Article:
WASHINGTON -- Kosovar and ethnic Albanian leaders reacted warily and bitterly to the peace plan unveiled yesterday, saying a provision allowing hundreds of Serbian soldiers to remain in the province means many refugees would never return to their homes.
Moreover, the leaders oppose Russian troops as part of the international peacekeeping force and bridle that Yugoslav President Slobodan Milosevic will still have sovereignty over Kosovo.
Some of them, and some observers, raised the possibility that the rebel fighting force, the 17,000-man Kosovo Liberation Army, which is supposed to be "demilitarized" under the accord, will not cooperate.
The agreement hammered out by Russia and the West says that after the withdrawal from Kosovo of 40,000 Yugoslav army and special police forces, upward of 1,000 Serbian soldiers would be allowed to return to guard religious and cultural sites, as well as mark mine fields and maintain key border crossings, officials said.
"There's not a single refugee who will go back as long as a single Serb soldier is in Kosovo," said Shinasi Rama, a New York-based spokesman for the Provisional Government of Kosovo. "That would be like putting 10 [Nazi] Waffen SS troops in front of the Holocaust Museum and saying come and visit. This is how the Albanian people look at it. That's not acceptable."
More than 700,000 ethnic Albanian refugees have been driven out of Kosovo. Most of them are huddled in makeshift camps in Albania and Macedonia.
Rama also said there was opposition to a still-unknown number of Russian troops who will be part of the estimated 50,000-member international peacekeeping force. "You cannot have Russians there when Russian mercenaries were fighting on the Serb side," he said. Western reporters in Kosovo have interviewed Russians taking part in Yugoslav army attacks on the rebel KLA.
There are also questions about the future of Kosovo, which will be administered by a United Nations civil administration.
"They need to settle this thing in the right way," said Harry Bajraktari, an Albanian activist in New York and former publisher of the Bronx-based newspaper Ilyria. Bajraktari and other leaders will meet with Secretary of State Madeleine K. Albright on Monday. "We want to raise our concerns," he said.
Bajraktari said there is concern about a United Nations civil administration in Kosovo, pointing out that the massacre of Muslims at Srebrenica, Bosnia, in the early 1990s occurred when the international organization was in charge. "Anything the U.N. touches doesn't go in the right direction," he said.
What is left unclear is the future of the Kosovars, who are pressing for independence, although the allies are willing to offer only autonomy. When the Kosovars accepted an international agreement in Rambouillet, France, in March, that deal held out the possibility that after a three-year interim settlement, the Kosovars might be able to choose independence.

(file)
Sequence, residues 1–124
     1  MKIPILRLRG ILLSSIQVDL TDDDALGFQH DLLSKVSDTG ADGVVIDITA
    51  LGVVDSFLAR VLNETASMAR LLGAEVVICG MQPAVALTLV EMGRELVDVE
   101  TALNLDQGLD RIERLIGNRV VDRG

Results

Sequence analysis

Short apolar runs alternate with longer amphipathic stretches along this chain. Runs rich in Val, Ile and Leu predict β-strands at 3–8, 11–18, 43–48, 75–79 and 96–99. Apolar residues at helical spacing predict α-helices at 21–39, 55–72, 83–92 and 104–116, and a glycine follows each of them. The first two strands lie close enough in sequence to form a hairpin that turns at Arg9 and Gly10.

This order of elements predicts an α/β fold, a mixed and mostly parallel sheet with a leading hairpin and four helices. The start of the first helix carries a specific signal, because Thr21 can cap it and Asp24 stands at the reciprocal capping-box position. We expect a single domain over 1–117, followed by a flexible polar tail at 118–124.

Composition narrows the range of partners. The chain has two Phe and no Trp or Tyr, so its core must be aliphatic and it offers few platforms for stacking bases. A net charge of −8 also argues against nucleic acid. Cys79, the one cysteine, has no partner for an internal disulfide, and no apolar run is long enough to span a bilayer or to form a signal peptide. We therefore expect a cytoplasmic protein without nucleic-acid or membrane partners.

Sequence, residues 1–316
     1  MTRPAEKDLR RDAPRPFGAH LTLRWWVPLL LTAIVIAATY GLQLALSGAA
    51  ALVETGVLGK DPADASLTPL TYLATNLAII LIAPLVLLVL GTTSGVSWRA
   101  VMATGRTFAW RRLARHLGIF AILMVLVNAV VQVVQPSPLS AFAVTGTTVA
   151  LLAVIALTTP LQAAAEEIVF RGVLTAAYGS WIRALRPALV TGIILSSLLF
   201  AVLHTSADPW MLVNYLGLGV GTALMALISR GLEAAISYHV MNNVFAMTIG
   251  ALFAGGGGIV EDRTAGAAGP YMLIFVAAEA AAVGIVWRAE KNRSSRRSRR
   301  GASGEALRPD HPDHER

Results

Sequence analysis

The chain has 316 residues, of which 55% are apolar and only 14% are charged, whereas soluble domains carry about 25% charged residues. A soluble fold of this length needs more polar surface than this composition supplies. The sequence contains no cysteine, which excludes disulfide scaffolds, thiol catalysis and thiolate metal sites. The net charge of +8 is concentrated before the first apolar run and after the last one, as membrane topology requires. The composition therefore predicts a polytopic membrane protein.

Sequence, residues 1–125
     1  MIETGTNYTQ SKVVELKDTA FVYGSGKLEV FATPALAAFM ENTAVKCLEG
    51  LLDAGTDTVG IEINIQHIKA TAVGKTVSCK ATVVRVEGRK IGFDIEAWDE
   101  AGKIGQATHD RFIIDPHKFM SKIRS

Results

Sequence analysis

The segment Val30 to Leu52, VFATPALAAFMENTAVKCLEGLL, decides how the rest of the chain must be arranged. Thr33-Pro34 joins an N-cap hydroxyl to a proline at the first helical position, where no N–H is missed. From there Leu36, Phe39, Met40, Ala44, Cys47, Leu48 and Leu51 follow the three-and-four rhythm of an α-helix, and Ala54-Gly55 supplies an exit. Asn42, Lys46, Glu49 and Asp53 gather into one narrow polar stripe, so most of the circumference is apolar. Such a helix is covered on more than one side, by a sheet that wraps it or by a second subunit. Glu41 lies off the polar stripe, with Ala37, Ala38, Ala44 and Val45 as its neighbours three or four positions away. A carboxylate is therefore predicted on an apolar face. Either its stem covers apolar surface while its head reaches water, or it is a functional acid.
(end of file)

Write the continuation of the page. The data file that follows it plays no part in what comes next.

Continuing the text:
Milosevic refused to sign the agreement and the allies soon began the bombing campaign in Yugoslavia.
But the peace deal unveiled yesterday makes no mention of any time line or possibility of future independence. The text says only that "the people of Kosovo will enjoy substantial autonomy within the Federal Republic of Yugoslavia."
"We don't believe Milosevic has a right to exercise any kind of power in Kosovo," said Rama, adding that Rambouillet is no longer "applicable" and only a "a useful basis for a future agreement."
Kurt Bassuener, associate director of the Balkan Action Council, a nonprofit, nonpartisan group, said the peace deal appears to be a step backward from what the Kosovars agreed to in France. The new text refers only to the "full taking into consideration" of that earlier agreement. "I think this is weaker than Rambouillet," he said. "It's vague."
Bassuener said that while he believed many refugees would return, he predicted that a "scant" number would return where the Russians are patrolling due to Moscow's support of Milosevic.
"The people will not feel secure," he said. "NATO will not have freedom of action; the U.N. will be a lot more Belgrade friendly."
Like Rambouillet, the peace deal also calls for the "demilitarization" of the KLA, which has grown to more than 17,000 fighters. The KLA has been receiving more sophisticated arms, such as anti-tank weapons. In recent days it has locked in a fierce fight with Yugoslav troops, trying to open up a second supply corridor from Albania into Kosovo.
State Department spokesman Jamie Rubin noted that Albright would be in touch with KLA representatives and expected "good cooperation."
Asked what the Kosovars would do if their concerns were not addressed, Bajraktari said: "The leverage we have is we'll continue fighting, politically and militarily. What else can we do? The people have been killed and raped and thrown out of their homeland."
Rama, however, predicted the KLA would cooperate with the peacekeepers. "The KLA is the least likely problem," he said. "They've been very cooperative in the past and will be in the future."
Ivo Daalder, a Balkans expert at the Brookings Institution, said the peace deal "just kicked the fundamental can down the road" and opened the way for renewed fighting and instability in the Balkans.
"These [the KLA] are people who will fight to the bitter death," he said. "This is their territory, their land and they won't give up. They have the power to undermine the deal, could tell the refugees not to go back."
Bassuener of the Balkan Action Council said the KLA's "in a rotten position," after the peace deal.
"It's just an ugly deal for them," he said, "and they're in a position where they can't do a lot."
Pub Date: 6/04/99